The American Heart Association/American Stroke Association and Medtronic plc, a maker of medical devices, announced a plan on Friday to work toward decreasing recurring strokes in patients whose strokes have no known cause.
The two organizations announced the arrangement at the International Stroke Conference in Nashville.
Thirty percent of ischemic strokes – the most common type of stroke caused by blocked blood vessels to the brain – remain without a definite cause after thorough evaluation and are called cryptogenic.
With use of devices to monitor the heart rhythm for prolonged periods of time after the stroke, some of these patients with no determined cause of stroke will be later found to have brief episodes of atrial fibrillation, according to Lee H. Schwamm, M.D., executive vice chairman of the department of neurology and director of stroke services at Massachusetts General Hospital in Boston.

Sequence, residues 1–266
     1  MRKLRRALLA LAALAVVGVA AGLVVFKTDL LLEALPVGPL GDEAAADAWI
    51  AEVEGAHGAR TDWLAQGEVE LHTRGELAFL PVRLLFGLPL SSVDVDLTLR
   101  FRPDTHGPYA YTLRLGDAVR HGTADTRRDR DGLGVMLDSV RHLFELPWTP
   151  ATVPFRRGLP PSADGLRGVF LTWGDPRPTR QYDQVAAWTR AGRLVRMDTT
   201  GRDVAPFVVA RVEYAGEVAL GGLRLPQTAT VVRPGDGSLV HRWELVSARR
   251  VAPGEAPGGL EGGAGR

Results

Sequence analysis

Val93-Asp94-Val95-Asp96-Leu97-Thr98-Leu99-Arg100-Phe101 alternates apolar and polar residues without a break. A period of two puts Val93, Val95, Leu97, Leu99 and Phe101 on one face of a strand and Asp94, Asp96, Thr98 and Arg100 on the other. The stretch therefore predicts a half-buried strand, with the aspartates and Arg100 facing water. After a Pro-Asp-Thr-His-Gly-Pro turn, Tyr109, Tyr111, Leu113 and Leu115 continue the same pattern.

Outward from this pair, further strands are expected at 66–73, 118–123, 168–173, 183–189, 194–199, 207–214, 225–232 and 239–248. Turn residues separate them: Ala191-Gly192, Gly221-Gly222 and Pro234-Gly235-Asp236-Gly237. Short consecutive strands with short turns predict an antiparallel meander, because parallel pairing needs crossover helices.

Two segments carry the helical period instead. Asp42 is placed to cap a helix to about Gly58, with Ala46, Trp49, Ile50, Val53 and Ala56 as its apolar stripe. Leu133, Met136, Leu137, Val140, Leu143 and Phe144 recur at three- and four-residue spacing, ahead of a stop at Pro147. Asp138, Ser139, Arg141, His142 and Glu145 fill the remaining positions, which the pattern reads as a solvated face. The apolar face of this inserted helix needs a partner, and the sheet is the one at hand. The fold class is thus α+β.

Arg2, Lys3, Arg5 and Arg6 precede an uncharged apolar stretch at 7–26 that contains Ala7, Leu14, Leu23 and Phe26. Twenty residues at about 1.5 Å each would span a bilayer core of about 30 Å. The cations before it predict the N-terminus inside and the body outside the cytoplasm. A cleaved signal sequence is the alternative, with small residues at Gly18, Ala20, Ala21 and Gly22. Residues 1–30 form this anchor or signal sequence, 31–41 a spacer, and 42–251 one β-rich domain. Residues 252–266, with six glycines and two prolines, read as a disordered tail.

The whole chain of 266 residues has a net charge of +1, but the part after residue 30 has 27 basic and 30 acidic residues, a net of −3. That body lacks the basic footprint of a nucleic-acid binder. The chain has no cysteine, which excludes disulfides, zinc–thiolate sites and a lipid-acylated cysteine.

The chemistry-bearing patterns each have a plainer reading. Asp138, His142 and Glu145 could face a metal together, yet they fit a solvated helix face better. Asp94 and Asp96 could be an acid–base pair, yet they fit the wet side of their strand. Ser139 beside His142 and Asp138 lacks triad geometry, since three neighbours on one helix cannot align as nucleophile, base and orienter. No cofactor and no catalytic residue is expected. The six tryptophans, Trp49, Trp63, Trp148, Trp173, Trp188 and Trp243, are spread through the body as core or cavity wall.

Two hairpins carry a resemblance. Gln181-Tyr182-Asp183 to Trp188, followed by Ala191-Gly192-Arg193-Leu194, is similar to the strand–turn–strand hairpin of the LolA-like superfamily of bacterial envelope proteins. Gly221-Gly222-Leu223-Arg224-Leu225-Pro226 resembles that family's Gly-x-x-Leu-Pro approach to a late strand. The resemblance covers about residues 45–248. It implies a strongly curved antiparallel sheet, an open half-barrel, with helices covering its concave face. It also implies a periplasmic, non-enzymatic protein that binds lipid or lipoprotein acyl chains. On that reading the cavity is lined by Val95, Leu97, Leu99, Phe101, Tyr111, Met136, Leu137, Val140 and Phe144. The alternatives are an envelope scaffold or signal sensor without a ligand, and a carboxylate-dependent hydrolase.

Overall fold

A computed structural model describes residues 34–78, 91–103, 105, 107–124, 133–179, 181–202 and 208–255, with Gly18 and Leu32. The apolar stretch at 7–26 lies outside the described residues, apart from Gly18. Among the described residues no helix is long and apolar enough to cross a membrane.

Atrial fibrillation occurs when the heart beats irregularly or rapidly and occurs in up to 20 percent of stroke patients. It is often undiagnosed because it occurs sporadically and may not produce symptoms.
Constant, long-term heart monitoring in cryptogenic stroke patients has been shown to increase the rates of detecting atrial fibrillation, thus helping physicians detect and diagnose atrial fibrillation and potentially prevent another stroke.
As the cost and convenience of outpatient cardiac rhythm recorders improve, they will likely play an increasingly important role in the detection and diagnosis of atrial fibrillation and other abnormal heart rhythms that may increase the risk of stroke, said Schwamm, also an AHA/ASA volunteer.
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